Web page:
stats(d$abcd[,2]-d$abcd[,1],d$pi_c) } abcd <- rdirichlet(n = 1000000,c(1,1,1,1)) # Draws from prior for first row: c.pi <- rbeta(n = 1000000,1,1) row.1 <- stats(abcd[,2]-abcd[,1], c.pi) row.2 <- row.makr(KNN) # "Posteriors | Both clues weak" row.3 <- row.makr(KNY) # "Posteriors | Expert clue weak" row.4 <- row.makr(KYN) # "Posteriors | Mechanisms clue weak"" row.5 <- row.makr(KYY) # "Posteriors | Both clues strong" tab <- round(rbind(row.1,row.2,row.3,row.4,row.5),3) row.names(tab) <- c("No clues", "K2 uninformative, K1 Uninformative", "K2 informative, K1 Uninformative", "K2 uninformative, K1 Informative", "K2 informative, K1 Informative") Here’s how the table looks: knitr::kable(tab, caption="Replication of Table 6.") Replication of Table 6. mean.ab sd.ab lower.ab.2.5% upper.ab.97.5% mean.c sd.c No clues 0.000 0.316 -0.631 0.631 0.500 0.289 K2 uninformative, K1 Uninformative -0.018 0.195 -0.404 0.367 0.504 0.215 K2 informative, K1 Uninformative -0.006 0.193 -0.390 0.373 0.510 0.216 K2 uninformative, K1 Informative -0.015 0.195 -0.403 0.371 0.507 0.215 K2 informative, K1 Informative -0.009 0.193 -0.393 0.374 0.511 0.215 To graph the output we make a function which takes a model and a title and produces graphs of the form used in the paper. gr.nr = function(Model, main =""){ R <- extract(Model) s <- seq(-1,1,.005) plot(R$abcd[,2]-R$abcd[,1],R$pi_c, col = rgb(.5,.5,0,.2), pch = 16, cex=.33,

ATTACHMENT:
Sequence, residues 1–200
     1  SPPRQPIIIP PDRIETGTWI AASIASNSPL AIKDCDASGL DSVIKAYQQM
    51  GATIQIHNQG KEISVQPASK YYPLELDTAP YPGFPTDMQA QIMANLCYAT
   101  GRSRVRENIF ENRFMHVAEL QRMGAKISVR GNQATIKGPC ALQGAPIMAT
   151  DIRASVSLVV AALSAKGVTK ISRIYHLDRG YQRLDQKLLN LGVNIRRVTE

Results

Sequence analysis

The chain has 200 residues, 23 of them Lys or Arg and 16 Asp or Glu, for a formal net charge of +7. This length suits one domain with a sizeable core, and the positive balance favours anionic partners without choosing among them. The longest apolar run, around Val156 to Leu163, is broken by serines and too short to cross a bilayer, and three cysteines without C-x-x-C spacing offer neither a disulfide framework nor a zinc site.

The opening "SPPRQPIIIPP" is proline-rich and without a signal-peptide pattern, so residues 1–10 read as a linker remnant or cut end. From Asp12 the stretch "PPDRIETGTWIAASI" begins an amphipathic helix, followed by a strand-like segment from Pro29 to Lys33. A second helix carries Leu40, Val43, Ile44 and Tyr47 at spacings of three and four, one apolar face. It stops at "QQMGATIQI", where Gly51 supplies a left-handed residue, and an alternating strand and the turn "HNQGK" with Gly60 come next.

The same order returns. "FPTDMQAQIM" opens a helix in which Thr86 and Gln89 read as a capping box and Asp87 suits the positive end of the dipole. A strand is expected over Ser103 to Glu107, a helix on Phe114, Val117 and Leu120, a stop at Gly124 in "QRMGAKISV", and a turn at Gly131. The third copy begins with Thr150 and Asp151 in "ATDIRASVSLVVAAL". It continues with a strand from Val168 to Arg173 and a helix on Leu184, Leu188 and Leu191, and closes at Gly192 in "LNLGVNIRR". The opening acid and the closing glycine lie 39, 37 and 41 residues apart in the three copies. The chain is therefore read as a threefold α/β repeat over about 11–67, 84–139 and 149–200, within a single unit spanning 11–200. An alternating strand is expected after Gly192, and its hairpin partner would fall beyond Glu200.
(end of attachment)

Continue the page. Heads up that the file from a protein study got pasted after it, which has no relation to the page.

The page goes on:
xlab = paste("ate (posterior mean = ",round(mean(R$abcd[,2] - R$abcd[,1]),3),")"),
ylab = "Assignment propensity for c types", main=main)
h = sapply(s, function(i)  sum((R$abcd[,2]-R$abcd[,1])> i & (R$abcd[,2]-R$abcd[,1])<=(i+.1)))
lines(s,.5*h/max(h), lwd=2, col = rgb(.7,0,.1,.5))
}

Now we will make a panel and do two of these plots (this corresponds to Figure 7 in the Supplementary Materials, with very small differences due to simulation error). Here’s how they look:

  par(mfrow=c(1,2))
gr.nr(KNN, main = "Posteriors | Both clues weak")
gr.nr(KYY, main = "Posteriors | Both clues strong")

# 5 Archive

The code below creates an R file from this Rmd file so that you can run it on its own. The output is saved as nr_replication.R (posted here).

library(knitr)
purl("nr_replication.Rmd", output = "nr_replication.R", documentation = 2)